Heavy rains in Indonesia yesterday triggered widespread flooding and landslides across the nation. It has emerged that last night a bridge was swept away by the swollen river it stretched across, leaving around 40 to 50 people missing in Madiun, East Java. Meanwhile, the total toll of those known or feared to be dead has reached 130.

According to local police chief Supardi in a telephone conversation with Xinhua the flood waters weakened a foundation, resulting in the collapse. At least twenty motorcyclists, car drivers and passengers are thought to be dead, but as of midnight, no bodies had been recovered. However, three bikes have been retrieved. 100 rescuers have been dispatched to the scene. Continuing heavy rain forced the search to be abandoned temporarily.

Java as a whole is the worst affected island; in addition to the bridge collapse most of the landslides occurred in two Central Java districts. Health ministry official Rustam Pakaya told reporters that at least 28,000 people have been forced to abandon their homes in central Java, although exact figures are not yet available. The Red Cross commented that 45,000 East Javanese people have been similarly displaced. Thousands are seeking shelter in mosques and other public buildings.

Landslides buried houses and made roads impassable, while hundreds police officers, military personnel, local officials and volunteers have been digging with farm tools and even their hands to search for survivors. Heavy machinery is available but the road conditions have prevented it arriving at the areas where it is required. Jakarta has dispatched aid in the form of five tonnes of biscuits and instant meals, ten tonnes of baby food and multiple boats.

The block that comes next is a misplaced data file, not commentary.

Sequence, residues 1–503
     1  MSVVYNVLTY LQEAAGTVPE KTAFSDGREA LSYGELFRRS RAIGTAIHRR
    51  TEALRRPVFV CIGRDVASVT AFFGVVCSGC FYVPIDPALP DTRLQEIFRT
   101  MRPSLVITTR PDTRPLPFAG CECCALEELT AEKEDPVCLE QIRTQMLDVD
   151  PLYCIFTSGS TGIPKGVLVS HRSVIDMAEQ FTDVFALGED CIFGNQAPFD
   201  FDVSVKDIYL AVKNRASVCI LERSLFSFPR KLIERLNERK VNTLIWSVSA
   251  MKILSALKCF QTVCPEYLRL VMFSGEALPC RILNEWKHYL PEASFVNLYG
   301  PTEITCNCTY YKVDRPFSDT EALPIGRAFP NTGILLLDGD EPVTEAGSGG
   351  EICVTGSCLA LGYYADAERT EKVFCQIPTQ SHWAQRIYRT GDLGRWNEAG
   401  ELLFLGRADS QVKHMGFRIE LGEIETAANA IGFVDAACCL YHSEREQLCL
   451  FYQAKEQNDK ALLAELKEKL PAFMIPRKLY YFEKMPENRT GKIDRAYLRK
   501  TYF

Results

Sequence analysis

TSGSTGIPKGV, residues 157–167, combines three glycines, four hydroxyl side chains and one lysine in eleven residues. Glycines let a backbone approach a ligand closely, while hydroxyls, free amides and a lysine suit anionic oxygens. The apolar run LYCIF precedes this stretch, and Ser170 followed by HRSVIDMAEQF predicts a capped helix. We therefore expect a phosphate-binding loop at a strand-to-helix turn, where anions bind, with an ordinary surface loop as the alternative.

Heru Aji Pratomo, head of the disaster management centre in the worst-hit district of Karanganyar has confirmed the recovery of twelve more bodies. This brings the total confirmed death toll in the area to 48. He said that most bodies were recovered from three metre deep mud and required heavy digging machinery to retrieve. 28 remain missing.

Local resident Siswo told AFP “Suddenly I felt my house shaking, and I thought it was an earthquake. When I got outside, I saw that the houses next to mine were already covered by earth,” and that it struck twelve neighbouring houses.

In the next district, Wonogiri, disaster management centre head Sri Mubadi told reporters they had retrieved two more bodies, reaching a total of six, with eleven more missing. He also confirmed that they currently have no access to heavy equipment.

In Tawangmangu about 1,000 rescuers were also searching for bodies and survivors without the aid of heavy machinery. Three more bodies were retrieved today.

Islamic cleric Abu Bakar Bashir toured a Karanganyar village, at which time he commented that he felt the disaster had been caused as a form of divine revenge, saying “This was likely caused by immoral acts going on here,” and “This could be a lesson to be learned.” The 69-year-old served two years after being linked to the 2002 Bali bombings, before having his conviction overturned last year.

Chalid Muhammad, director of Walhi, an Indonesian environmental group, had a different opinion. “For five consecutive years landslides and floods have occurred in Java, claiming many lives. The main trigger is ecological destruction caused by deforestation, forest conversions and chaotic spatial planning,” Chalid told Reuters.

“There have been no adequate efforts by the government to protect the people from disasters. When the landslides happened officials were on holiday and there was no access of heavy equipment to the affected areas.”

Posted: February 9th, 2019 by